In the end, keeping your members coming back to your community comes down to more than just making participation into a game, or training your members to login every day. Without engaging content, none of that really matters.
If you get your members to login to a community with no content, or no relevant content, it probably won't matter how easy it was for them to login, and chances are that they won't come back. Vanessa DiMauro, CEO of Leader Networks says, "Community happens when members have found each other and have a vested interest in collaborating through content and conversation. At the end of the day, people come for content and stay for community."
In previous articles, we've offered suggestions on how you can become part of their routine as well as creating an addiction to logging in. While those techniques are feature- and activity-centered, increasing log-ins is also about content.
Features facilitate the action, but the content will keep bringing them back. Do you have any friends or acquaintances who have given up Facebook for a time? If you do, you'll know it's not the features that send them into hibernation; it's the content in their streams. Contrary to popular belief, human eyes and the brain can get tired of kitten videos, pictures of gourmet meals, and political rants.
Before you create an online community content strategy to increase the amount of content that attracts community members, consider having a policy in place that makes it easy to differentiate and remove offensive content. Having a policy in place prior to the content being posted will make it less about the individual who posted objectionable content and more about maintaining agreed upon social norms that keep the community friendly, safe, and professional.
Ideally, you'll reach critical mass in your online community and your members will contribute content on their own volition with your occasional additions. Until that point you'll be able to seed the community with content that attracts others. Once the community begins contributing a larger percentage of its own content, you'll want to have already established the example of good, community-building content versus that which detracts and discourages interaction.
There are basic types of content that most groups find engaging. However, these suggestions should be used for guidance only. You may find that your members respond to and engage with other types of content. Whatever works for your community is the gold standard, that's why measurement is so important. Pay attention to engagement, shares, and comments.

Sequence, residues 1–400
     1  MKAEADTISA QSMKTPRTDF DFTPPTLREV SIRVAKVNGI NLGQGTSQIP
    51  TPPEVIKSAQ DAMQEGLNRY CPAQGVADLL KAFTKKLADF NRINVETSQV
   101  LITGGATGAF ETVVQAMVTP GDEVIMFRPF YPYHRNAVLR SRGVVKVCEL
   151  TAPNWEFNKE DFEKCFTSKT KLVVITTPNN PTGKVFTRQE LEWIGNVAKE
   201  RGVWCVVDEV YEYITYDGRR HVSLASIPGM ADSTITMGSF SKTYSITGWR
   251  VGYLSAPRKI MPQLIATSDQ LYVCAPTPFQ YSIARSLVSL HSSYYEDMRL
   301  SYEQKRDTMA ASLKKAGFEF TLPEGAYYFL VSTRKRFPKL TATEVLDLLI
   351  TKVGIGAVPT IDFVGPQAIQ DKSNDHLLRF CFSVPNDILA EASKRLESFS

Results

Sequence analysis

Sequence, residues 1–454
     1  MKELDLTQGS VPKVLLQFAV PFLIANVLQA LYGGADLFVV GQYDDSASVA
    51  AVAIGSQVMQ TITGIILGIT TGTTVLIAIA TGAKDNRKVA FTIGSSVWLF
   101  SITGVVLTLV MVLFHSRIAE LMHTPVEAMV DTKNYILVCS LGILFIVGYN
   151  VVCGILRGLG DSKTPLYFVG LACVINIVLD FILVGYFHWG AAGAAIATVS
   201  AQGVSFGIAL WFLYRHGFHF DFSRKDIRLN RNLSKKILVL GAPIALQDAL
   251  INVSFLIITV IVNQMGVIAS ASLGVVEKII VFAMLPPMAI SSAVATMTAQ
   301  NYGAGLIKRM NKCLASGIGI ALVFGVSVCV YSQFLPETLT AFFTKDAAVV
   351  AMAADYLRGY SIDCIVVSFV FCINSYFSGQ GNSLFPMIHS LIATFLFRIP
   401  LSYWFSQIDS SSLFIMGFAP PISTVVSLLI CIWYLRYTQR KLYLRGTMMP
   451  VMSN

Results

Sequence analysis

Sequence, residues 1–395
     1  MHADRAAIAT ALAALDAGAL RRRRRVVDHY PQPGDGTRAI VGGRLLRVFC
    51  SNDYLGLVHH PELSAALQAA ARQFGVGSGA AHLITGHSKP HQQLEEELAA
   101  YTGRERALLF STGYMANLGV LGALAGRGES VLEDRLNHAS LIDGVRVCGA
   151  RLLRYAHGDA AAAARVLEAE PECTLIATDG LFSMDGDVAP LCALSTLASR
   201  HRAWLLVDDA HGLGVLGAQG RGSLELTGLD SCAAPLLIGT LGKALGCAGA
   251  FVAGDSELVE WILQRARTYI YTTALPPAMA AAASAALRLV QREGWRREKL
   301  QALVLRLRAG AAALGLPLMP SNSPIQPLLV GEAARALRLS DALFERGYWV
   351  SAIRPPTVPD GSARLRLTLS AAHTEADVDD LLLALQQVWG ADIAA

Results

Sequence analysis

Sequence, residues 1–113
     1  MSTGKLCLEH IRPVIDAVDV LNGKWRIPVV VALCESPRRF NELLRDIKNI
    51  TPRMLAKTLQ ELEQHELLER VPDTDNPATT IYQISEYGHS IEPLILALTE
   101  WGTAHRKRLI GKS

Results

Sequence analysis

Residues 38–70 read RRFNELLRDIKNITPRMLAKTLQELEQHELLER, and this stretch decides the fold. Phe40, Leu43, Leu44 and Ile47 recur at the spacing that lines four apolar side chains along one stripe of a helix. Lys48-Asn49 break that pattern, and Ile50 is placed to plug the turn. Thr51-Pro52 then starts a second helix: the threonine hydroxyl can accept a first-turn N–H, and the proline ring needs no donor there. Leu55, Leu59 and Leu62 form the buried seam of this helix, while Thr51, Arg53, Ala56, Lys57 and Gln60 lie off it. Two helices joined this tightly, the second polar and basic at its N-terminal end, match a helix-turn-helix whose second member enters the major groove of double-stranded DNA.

In an online community, when it's posted is less important than on other social media profiles because the content remains active on your site as long as you leave it there. People will see it regardless of when they log in, unlike the mainstream social media firehose (like Twitter) that ensures they only see it if they are on the site at the moment it is posted.
Dated pictures are fun. People relive memories and old hair styles. That's why #TBT (Throw Back Thursday) on Facebook is so popular. Post pictures of annual conferences from the 70s and 80s.
In addition to pictures, advice or instructions from times long ago are equally entertaining. These can be from your group or just loosely targeted at your profession. For instance, an online community for a Parent Teacher Association could share an article of what it meant to be a good mom in the '50s. You could also post what the average person in your industry made for a living 50 years ago.
If you're an association that requires any form of continuing education credits, house those classes, webinars, or exams in your private online community. Make sure members must log-in to register or review the materials. Once they've completed the registration or coursework, use prompts to lead them to the next course. You might also like prompts to draw them to other areas of your online community.
Quality, in-depth industry pieces (written or videos) will get people to log-in if you post them with the same regularity you would a company blog. If your customers or members know the industry, interviews and trends section will be updated bi-weekly, they will log in so that they are up-to-date with the things your industry is talking about.
There are many different types of contests, from entries based on daily log-ins to daily voting on things members have posted. Contests work extremely well when used to build interest in the annual conference or an upcoming customer event. If you can tie log-ins with increased chances to win, you should see a spike in your daily log-ins.
Creating a live video chat that takes place on a consistent basis, like every Friday for instance, provides members with the incentive to connect with others in the community outside of your annual conference. You can create a weekly â€œlunchâ€ session on topics that are important to your industry led by your staff or by thought leaders. You could create an online book club for your members. Whatever the topic or basis, make sure these chats are held consistently so that they become part of your community members' calendars.
The best way to get people to log-in to see your content is to activate notices or send out summary emails to your members on a daily or weekly basis. You'll want to allow members to select the frequency with which they chose to receive these emails but make sure the default option is daily.
Don't give them a complete detailed report of what's going on in the community. Use the emails as a summary and provide a link to the content. This will drive log-ins and pique interest. Even if it doesn't encourage them to log in every day, they will see the kind of interesting conversations and content that is being shared and derive value from that.